Steven Guynn has served several global law firms as a partner and has extensive experience facilitating complex business transactions among multinational corporations. Mr. Guynn's clients have included high-profile companies engaged in oil and natural gas development, high technology, and other sectors.Nicaragua
is home to an abundance of as-yet undeveloped natural resources. Lack of sufficient financial support has limited the Central American nation’s ability to exploit deposits of gold, silver, copper, lead, and other minerals, as well as recently verified reserves of crude oil. Only gold has received significant attention from mining concerns to date, although in 2012 an international corporation announced its concession to explore and develop oil reserves in the country estimated at more than 12 billion barrels in an on-shore area of extensive seismic testing.
Nicaragua’s network of volcanoes gives it Central America’s greatest capacity to produce geothermal energy, and recent legislation requires private companies to contribute to the national government’s development of geothermal and hydroelectric energy plants. In the first years of the 21st century, these sources produced approximately 20 percent of Nicaragua’s energy.
Steven Guynn, experienced in multiple aspects of capital market funding, mergers, acquisitions, and private equity investments, has handled more than $150 billion in financial transactions on behalf of his clients.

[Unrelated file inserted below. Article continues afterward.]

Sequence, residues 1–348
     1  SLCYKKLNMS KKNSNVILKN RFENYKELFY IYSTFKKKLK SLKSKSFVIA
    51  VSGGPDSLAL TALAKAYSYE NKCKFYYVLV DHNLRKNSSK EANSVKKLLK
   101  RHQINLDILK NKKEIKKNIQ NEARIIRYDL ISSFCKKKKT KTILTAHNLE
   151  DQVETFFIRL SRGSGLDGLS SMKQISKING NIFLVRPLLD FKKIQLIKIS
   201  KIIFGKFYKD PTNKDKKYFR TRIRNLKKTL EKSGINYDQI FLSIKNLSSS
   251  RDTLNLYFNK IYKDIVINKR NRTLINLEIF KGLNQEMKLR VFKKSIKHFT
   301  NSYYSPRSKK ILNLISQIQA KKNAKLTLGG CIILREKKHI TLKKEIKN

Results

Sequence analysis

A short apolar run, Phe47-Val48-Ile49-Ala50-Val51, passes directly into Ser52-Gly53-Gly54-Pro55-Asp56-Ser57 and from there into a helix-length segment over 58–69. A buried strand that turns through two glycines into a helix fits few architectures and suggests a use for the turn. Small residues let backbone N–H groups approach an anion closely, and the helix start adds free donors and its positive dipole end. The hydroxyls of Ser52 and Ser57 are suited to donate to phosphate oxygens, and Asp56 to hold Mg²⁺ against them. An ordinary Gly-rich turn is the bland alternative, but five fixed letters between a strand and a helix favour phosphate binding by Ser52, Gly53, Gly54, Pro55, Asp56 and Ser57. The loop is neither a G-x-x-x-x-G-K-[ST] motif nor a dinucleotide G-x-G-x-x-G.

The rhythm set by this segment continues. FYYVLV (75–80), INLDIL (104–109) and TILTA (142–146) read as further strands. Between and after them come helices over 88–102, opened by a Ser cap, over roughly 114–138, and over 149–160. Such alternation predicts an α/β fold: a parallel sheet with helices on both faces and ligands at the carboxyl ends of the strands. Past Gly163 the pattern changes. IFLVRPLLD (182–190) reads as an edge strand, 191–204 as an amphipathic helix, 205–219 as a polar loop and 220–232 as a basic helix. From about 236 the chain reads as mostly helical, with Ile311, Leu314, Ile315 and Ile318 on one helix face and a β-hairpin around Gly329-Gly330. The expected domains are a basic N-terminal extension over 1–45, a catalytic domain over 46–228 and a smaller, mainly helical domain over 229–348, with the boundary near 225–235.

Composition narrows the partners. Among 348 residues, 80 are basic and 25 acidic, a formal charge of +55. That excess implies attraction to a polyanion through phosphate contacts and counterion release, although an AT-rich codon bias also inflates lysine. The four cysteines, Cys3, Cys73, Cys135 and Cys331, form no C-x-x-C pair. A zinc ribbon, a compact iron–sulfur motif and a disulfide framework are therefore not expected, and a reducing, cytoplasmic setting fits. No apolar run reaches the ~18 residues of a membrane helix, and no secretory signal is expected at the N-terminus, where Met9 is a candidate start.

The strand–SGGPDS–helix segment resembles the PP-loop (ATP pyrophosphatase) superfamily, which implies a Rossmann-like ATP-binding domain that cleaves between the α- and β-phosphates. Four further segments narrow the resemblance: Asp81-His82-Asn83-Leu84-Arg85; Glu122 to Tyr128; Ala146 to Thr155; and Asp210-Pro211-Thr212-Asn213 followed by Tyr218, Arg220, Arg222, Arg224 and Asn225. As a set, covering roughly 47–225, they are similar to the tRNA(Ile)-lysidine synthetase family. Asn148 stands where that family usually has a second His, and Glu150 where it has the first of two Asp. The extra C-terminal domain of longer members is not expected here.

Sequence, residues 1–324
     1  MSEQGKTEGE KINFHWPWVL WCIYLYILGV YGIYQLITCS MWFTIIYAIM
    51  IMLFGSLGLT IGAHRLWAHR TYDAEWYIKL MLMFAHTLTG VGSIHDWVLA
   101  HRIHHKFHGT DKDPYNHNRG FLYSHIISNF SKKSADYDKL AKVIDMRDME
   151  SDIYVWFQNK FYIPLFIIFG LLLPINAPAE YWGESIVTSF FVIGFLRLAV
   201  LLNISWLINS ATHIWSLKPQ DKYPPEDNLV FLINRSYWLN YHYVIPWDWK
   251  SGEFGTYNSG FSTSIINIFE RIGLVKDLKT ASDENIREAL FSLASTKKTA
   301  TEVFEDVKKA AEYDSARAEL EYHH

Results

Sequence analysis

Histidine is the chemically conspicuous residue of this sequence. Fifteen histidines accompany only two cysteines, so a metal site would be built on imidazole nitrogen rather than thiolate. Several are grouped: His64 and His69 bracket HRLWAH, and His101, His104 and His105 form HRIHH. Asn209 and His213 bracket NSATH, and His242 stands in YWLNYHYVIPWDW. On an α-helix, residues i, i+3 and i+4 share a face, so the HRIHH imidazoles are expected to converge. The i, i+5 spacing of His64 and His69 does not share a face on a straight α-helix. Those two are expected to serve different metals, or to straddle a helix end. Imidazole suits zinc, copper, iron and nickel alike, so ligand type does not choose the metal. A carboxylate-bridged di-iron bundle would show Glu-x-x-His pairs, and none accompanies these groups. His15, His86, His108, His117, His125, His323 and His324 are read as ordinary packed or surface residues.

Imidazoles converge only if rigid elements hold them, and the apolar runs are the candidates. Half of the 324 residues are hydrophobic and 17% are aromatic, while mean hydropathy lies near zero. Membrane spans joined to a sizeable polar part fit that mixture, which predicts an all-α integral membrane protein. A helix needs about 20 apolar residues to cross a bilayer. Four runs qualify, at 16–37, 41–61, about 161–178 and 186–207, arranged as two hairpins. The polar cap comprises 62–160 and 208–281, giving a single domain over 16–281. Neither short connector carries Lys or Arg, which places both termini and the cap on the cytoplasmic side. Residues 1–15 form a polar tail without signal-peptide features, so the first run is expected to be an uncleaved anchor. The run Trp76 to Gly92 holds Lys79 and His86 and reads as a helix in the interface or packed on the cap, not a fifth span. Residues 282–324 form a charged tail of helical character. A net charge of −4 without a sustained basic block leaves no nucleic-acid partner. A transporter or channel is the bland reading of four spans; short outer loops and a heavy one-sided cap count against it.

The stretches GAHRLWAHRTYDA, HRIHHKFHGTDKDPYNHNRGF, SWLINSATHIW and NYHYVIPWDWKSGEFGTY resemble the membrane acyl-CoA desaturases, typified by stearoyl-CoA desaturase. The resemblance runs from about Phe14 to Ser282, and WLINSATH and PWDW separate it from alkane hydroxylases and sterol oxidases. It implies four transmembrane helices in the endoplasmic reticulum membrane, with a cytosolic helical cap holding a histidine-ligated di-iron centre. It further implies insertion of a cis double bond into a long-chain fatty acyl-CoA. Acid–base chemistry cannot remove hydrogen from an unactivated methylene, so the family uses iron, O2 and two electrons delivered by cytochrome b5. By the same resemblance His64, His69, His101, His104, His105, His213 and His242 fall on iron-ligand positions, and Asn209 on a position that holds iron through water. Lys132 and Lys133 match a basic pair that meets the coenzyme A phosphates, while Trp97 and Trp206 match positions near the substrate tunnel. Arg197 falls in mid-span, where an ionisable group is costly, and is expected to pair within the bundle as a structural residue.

Steven Guynn has served as an attorney to numerous multinational corporations in facilitating some $150 billion in business deals. Over the past more than three decades, Mr. Guynn's in-depth knowledge of world economic trends has enhanced his work at the executive level in several New York-based law firms.
Costa Rica’s tourist-friendly climate and natural beauty have benefited its national economy and attracted extensive foreign investment. In addition, the Central American nation has enjoyed a level of political and social stability rare in its region, and it has provided investment incentives based on free trade to overseas corporations. Although the global economic downturn of the late 2000s caused Costa Rica’s economy in 2009 to shrink by 1.3 percent, recovery stood at 4.5 percent annually by the 2010-2012 cycle.
Costa Rica continues its significant exports of agricultural products such as coffee, meats, sugar, and fruit, and it has expanded in recent years into high-technology fields such as microchip manufacturing.
As a member of the U.S.-Central America-Dominican Republic Free Trade Agreement, Costa Rica has brought in new levels of private foreign investment to its economy, particularly in the communications and insurance sectors.
Yet in recent years, the social safety protections in place for the country’s citizens have begun to decrease because of financial restrictions placed on the national government. Today, approximately one-fifth of Costa Rica’s population lives in poverty, the same rate attained for decades. Additionally, an influx of both documented and undocumented workers from neighboring Nicaragua has put even more strain on Costa Rica’s social welfare infrastructure.
As its economy continues to recover, Costa Rica will need to focus on the maintenance and expansion of its infrastructure, increasing government efficiency, and dealing with concerns related to unemployment.
Steven Guynn has worked with international business clients operating in the energy, telecommunications, retail, and technology sectors.
After graduating from the University of Virginia School of Law with his J.D., Steven Guynn completed a clerkship with the U.S. 10th Circuit Court of Appeals